How to come across with a post like this is challenging. Adam wrote a guest blog a week ago and said to me on the tee box how he was considering writing another but didn’t want to come off a certain way. I told him that you have to get past how people will perceive you in order to maintain a public blog. That’s why when I write a post like this, I’m keenly aware that there are people out there who are struggling, and I’m here writing about a double year charge for my country club. Yet it’s all relative to the situation. If I funded this situation with 50k of debt, you would look at it different. If I made 1 million dollars in the stock market, would it make a difference? My goal is to uniquely identify myself the same way that you will have your own characteristics. The point of the post is that I’m capable of doing this because of the data.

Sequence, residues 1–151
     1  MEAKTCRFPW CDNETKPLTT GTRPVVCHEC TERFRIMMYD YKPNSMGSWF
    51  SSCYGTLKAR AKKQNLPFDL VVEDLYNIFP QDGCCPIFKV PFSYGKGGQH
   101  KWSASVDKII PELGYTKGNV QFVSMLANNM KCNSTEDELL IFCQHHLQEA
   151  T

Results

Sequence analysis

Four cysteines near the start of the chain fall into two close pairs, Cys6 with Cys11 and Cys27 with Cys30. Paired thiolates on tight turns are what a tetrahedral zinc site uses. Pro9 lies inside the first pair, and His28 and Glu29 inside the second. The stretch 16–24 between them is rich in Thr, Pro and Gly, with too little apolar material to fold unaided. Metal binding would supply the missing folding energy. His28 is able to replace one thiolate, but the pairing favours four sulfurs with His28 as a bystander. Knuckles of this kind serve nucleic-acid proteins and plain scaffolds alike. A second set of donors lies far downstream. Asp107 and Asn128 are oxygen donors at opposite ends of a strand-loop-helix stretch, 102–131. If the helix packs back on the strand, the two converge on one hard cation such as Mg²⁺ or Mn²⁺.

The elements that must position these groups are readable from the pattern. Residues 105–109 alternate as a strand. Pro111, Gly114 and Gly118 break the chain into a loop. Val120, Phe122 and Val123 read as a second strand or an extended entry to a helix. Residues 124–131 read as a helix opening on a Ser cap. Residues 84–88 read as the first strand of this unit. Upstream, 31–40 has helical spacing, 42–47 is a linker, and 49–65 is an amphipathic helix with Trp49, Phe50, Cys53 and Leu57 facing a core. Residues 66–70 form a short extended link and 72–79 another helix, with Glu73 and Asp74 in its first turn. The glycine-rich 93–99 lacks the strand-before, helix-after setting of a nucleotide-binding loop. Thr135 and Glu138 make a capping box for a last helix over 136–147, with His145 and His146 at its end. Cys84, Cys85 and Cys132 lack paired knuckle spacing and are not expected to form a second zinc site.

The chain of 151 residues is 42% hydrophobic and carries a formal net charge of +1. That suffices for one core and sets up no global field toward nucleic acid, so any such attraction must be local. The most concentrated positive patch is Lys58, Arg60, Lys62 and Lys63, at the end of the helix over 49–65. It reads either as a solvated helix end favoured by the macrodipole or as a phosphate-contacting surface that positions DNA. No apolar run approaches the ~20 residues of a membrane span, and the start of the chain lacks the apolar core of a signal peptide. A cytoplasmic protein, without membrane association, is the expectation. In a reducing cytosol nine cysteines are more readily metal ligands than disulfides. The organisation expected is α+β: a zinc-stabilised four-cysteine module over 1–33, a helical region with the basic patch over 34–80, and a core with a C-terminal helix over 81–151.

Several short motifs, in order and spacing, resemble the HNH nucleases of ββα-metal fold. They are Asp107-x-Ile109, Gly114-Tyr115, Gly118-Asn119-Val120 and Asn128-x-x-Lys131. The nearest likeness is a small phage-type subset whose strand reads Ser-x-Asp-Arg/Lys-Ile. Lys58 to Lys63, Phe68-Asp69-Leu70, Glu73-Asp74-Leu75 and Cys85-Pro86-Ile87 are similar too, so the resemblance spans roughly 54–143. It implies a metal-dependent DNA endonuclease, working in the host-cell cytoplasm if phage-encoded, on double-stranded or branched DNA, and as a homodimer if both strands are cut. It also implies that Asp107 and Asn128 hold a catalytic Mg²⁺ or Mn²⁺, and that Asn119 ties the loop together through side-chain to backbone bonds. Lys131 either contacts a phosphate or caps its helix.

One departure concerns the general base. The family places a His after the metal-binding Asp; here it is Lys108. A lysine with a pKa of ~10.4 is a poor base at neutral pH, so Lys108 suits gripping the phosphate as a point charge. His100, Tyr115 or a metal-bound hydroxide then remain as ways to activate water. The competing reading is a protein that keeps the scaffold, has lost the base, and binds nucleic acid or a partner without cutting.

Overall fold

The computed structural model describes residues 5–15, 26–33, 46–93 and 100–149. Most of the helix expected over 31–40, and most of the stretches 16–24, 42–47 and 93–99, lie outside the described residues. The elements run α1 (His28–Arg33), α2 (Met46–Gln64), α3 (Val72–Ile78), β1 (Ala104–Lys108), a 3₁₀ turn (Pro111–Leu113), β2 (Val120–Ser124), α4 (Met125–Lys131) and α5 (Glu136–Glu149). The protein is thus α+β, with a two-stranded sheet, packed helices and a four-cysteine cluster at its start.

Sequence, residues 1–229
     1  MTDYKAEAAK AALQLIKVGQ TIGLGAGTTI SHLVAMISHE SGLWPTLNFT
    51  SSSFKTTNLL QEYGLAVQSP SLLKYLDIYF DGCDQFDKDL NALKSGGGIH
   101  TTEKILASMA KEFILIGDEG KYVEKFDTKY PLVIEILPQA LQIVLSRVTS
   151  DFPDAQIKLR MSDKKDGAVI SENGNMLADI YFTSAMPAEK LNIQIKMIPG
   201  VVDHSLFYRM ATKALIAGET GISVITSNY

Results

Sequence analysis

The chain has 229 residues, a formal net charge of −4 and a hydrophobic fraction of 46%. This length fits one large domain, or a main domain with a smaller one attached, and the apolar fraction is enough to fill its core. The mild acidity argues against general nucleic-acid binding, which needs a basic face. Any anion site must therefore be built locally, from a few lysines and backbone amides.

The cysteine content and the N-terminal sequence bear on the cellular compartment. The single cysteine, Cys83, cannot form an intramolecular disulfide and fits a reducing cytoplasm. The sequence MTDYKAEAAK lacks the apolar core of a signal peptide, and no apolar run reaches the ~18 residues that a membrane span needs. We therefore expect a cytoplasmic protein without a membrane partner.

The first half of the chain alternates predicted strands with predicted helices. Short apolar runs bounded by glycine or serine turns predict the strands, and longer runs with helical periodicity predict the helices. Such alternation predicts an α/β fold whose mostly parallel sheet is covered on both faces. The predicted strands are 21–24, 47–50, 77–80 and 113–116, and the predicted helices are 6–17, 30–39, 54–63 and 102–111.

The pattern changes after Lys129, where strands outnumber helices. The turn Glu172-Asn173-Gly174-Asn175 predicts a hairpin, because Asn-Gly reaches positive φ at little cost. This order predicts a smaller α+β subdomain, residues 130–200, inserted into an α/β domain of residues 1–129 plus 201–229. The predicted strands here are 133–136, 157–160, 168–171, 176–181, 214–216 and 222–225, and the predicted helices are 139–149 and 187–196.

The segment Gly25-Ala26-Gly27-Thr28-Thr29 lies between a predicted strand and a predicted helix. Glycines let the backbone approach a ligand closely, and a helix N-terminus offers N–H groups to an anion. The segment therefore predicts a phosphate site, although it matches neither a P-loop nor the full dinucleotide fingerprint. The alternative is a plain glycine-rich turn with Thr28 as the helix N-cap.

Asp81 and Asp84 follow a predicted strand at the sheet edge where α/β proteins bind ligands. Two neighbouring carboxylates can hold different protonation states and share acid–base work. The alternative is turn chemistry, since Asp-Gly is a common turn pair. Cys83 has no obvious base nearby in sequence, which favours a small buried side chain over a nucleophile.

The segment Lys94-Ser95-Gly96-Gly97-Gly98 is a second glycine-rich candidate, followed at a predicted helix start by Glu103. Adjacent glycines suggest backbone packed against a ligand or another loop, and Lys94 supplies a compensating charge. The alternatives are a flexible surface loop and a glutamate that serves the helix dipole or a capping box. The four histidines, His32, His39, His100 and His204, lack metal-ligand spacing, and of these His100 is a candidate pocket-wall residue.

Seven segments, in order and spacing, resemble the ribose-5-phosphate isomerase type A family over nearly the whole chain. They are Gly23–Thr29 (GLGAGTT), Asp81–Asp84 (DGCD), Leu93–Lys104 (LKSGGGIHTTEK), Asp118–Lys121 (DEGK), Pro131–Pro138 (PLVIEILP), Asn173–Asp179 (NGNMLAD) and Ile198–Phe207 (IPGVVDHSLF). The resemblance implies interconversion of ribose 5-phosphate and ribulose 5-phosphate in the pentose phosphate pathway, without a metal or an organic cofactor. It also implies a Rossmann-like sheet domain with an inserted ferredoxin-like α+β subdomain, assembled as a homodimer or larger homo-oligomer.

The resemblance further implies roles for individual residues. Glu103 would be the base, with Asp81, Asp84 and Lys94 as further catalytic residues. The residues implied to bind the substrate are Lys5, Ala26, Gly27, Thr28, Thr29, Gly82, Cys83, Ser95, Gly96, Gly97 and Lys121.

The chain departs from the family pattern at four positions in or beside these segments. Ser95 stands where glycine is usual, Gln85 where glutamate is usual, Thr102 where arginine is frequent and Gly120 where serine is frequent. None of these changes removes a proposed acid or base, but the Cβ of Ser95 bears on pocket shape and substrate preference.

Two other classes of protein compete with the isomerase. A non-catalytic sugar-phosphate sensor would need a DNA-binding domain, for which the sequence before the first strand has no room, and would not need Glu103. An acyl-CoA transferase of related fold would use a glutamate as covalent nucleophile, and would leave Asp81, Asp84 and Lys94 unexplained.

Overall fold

Takes of the Post
I have a line item of 1,090 alcoholic drinks. Would a psychologist look at this and say there is a problem even though this was 600 less than last year? It’s an incredible improvement. My liver is ecstatic. Yet, I’d argue that my life was significantly less lively than last year and I was only slightly healthier and far more bored. I also hardly traveled which is what I make money for. 2020 was shitty in this regard.
What other problem areas does this post identify? Is losing $1,500 playing DFS too much? The answer depends on how much money I make and I how much enjoyment I get out of it. I can justify losing this money in my current situation. I lost $2,800 in DFS in 2018 which shows I identified it as a leak, and plugged it. If I lost 5k this year, than I wouldn’t be using data correctly.